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Friday, May 26, 2023
MEXICO CITY, Mar 28 2023 (IPS) - In March 2021, the community assembly of the municipality of San Blas Atempa, in the southern Mexican state of Oaxaca, approved the sale of 360 hectares for the creation of an industrial park. But part of the community opposed the initiative due to irregularities, such as the falsification of signatures of supposed attendees, including those of people who had already died.
The facility is one of 10 planned within the Isthmus of Tehuantepec Interoceanic Corridor (CIIT), which in turn is part of the Program for the Development of the Tehuantepec Isthmus that the Mexican government has been implementing since 2019 with the aim of developing the south and southeast of this country of 1,964,375 square kilometers and almost 130 million inhabitants.
Mario Quintero, a member of the Assembly of Indigenous Peoples of the Isthmus in Defense of Land and Territory (APIIDTT), said the plan is plagued by “land grabbing, exploitation, dispossession, and displacement of peoples.”
“It is a large-scale geopolitical project in a geostrategic region. The system is corrupt. The way this is being carried out is obscene. The government agrees to the lease, but then says it is going to expropriate,” the activist told IPS from the municipality of Juchitán, in Oaxaca, some 480 kilometers south of Mexico City.
The 200-km wide isthmus is the narrowest area in Mexico between the Pacific and Atlantic oceans, in the Gulf of Mexico, which has a large indigenous population and is abundant in biodiversity, hydrocarbons and minerals.
In addition to the 10 industrial sites of 360 hectares each in size, called “Development Poles for Well-being” and focused on exports, the CIIT includes the renovation of the ports of Salina Cruz, on the Pacific Ocean in Oaxaca, and Coatzacoalcos in the state of Veracruz.
It also includes the reconstruction of the Tehuantepec Isthmus Railroad, which links Chiapas, in the state of the same name, with Dos Bocas, in Tabasco.
In addition, it involves the upgrade of the Salina Cruz and Minatitlán refineries, in the state of Veracruz, the laying of a gas pipeline and the construction of a gas liquefaction plant off the coast of Salina Cruz.
But this industrial model is criticized for the few benefits it brings the host communities and the fact that the largest economic benefits go to exporters, and due to its environmental impacts. For example, the municipality of Coatzacoalcos is one of the most polluted in the country.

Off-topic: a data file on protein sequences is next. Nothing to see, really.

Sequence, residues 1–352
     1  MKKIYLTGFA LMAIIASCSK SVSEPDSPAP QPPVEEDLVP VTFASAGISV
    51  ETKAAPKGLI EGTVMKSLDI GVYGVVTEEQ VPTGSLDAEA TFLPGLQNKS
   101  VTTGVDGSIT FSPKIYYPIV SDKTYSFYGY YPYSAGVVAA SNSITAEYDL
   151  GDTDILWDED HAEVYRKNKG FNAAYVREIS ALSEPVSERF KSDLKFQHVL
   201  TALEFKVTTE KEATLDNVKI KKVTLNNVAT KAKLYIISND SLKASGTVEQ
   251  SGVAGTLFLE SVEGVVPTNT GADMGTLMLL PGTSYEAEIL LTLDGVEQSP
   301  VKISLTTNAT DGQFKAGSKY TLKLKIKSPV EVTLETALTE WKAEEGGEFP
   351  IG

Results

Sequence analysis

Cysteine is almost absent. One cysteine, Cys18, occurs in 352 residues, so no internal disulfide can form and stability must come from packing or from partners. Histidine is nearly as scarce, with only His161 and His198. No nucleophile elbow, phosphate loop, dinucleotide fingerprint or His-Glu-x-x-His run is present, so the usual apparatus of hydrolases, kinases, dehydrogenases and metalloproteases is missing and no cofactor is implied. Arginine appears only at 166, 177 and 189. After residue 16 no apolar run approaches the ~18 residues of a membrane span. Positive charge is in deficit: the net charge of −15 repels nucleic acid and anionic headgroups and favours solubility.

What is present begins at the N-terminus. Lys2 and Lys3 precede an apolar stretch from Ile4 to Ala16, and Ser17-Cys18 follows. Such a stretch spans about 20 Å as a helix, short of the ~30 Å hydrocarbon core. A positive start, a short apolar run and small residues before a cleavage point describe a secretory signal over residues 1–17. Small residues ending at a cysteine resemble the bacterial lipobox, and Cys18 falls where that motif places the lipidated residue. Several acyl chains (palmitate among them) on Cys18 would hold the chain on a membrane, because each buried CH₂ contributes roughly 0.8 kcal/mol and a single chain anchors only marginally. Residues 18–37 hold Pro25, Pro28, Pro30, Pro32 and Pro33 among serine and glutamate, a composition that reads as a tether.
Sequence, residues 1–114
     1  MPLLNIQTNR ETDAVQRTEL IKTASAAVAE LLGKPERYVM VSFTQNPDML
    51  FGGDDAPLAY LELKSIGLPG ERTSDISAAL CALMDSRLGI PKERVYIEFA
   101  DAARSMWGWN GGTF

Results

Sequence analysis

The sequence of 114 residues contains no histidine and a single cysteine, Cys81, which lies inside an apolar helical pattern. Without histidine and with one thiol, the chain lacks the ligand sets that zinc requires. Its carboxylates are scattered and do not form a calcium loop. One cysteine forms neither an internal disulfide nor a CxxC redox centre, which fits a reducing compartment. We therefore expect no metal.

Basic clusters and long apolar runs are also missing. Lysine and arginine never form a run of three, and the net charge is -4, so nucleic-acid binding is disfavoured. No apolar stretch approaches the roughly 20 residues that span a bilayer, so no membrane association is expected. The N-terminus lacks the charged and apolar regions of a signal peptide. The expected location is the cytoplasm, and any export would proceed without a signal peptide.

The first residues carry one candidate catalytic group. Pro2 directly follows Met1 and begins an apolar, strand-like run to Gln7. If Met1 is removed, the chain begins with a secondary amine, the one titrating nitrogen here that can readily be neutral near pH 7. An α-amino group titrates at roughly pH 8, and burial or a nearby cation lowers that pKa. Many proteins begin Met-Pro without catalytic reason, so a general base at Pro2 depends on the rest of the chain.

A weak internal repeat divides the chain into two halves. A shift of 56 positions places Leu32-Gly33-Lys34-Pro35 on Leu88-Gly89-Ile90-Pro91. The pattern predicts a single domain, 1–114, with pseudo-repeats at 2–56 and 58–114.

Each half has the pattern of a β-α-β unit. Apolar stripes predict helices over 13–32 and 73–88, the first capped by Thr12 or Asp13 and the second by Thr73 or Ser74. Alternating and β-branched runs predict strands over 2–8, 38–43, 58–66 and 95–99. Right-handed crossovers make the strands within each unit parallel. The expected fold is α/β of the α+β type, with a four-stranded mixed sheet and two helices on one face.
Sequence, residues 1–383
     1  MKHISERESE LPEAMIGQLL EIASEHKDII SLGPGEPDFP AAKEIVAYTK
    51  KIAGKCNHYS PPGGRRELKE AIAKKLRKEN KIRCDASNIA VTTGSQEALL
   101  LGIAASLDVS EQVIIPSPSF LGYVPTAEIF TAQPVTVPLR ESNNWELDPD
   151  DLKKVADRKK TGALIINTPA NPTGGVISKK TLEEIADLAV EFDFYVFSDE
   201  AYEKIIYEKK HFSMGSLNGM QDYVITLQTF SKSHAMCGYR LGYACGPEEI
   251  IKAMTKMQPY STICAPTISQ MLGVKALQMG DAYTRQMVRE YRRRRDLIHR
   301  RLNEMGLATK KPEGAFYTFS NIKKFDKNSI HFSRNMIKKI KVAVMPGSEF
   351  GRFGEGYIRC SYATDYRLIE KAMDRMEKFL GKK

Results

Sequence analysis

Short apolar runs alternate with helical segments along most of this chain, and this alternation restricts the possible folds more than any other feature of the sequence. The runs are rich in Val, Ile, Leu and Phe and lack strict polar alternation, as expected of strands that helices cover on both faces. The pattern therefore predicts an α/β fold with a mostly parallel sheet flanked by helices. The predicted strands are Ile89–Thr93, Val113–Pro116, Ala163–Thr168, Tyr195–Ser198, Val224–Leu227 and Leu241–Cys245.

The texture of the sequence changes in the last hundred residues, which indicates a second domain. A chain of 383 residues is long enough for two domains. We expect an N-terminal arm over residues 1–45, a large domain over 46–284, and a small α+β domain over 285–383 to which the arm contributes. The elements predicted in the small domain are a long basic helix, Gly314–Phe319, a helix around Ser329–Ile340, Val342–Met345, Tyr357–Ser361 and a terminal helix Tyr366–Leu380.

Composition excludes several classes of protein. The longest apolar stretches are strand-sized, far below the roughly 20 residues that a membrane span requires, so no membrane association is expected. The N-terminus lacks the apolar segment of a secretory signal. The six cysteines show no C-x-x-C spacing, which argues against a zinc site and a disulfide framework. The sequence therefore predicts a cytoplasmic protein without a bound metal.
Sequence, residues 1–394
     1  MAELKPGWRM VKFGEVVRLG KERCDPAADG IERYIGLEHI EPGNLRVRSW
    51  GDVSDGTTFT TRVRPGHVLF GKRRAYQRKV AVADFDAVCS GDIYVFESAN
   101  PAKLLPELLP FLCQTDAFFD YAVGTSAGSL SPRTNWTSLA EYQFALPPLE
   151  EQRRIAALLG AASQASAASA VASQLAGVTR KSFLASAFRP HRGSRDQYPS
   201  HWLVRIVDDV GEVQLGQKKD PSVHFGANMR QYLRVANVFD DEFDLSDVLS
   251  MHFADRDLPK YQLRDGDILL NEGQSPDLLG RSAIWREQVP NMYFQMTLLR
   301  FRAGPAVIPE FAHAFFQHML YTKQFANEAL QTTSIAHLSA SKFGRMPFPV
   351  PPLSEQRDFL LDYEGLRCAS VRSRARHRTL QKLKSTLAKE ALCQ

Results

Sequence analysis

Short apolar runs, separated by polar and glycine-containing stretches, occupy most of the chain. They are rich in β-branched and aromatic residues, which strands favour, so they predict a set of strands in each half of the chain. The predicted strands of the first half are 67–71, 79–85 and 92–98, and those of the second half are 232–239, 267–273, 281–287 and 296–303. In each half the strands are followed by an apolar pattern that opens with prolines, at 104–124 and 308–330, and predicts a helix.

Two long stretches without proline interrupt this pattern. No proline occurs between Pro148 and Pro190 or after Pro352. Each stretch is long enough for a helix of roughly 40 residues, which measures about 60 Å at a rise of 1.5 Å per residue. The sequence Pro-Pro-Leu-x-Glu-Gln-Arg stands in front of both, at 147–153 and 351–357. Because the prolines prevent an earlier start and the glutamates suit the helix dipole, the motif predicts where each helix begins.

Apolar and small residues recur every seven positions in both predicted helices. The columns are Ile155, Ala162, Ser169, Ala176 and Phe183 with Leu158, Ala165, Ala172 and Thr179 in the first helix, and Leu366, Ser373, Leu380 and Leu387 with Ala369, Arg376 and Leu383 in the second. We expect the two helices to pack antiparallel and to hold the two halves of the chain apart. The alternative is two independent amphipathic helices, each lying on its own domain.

The non-governmental organization Geocomunes, dedicated to building maps for the defense of common goods, provided IPS with a list of effects such as the pollution of rivers and aquifers, as well as poor working conditions.
“Except for the promise of jobs, it’s business as usual. It is the replica of the maquiladora model, jobs that exploit workers and cheap labor,” the organization said. “There are legitimate concerns, like water, and what kind of industries will be installed. The isthmus is not an industrial zone, it implies a change in the traditional economy. It’s important to look at what kind of employment it will bring. Construction means precarious employment.”
The organization also anticipates that the industries will not arrive as soon as promised, since industrial production does not only consist of the installation of companies.
Appetite for exports
Mexico, the second largest economy in Latin America, is home to more than 500 industrial parks on more than 51,000 hectares, which swell the automotive, electronic, food and beverage, metallurgical, medical, textile and aerospace industries.
Altogether, more than 3,700 companies generate some three million jobs in these industrial parks.
The trilateral North American Free Trade Agreement (NAFTA) – in force between 1994 and 2020, when it was replaced by the U.S. Mexico Canada Agreement (USMCA) – fomented the installation of export assembly plants or maquilas.
They mainly set up shop in northern Mexico, the area closest to the United States, drawn by tax benefits, lower wages and more lax environmental regulations than in their nations of origin.
The northern state of Nuevo León and the central states of Mexico and Guanajuato are home to the largest number of maquilas.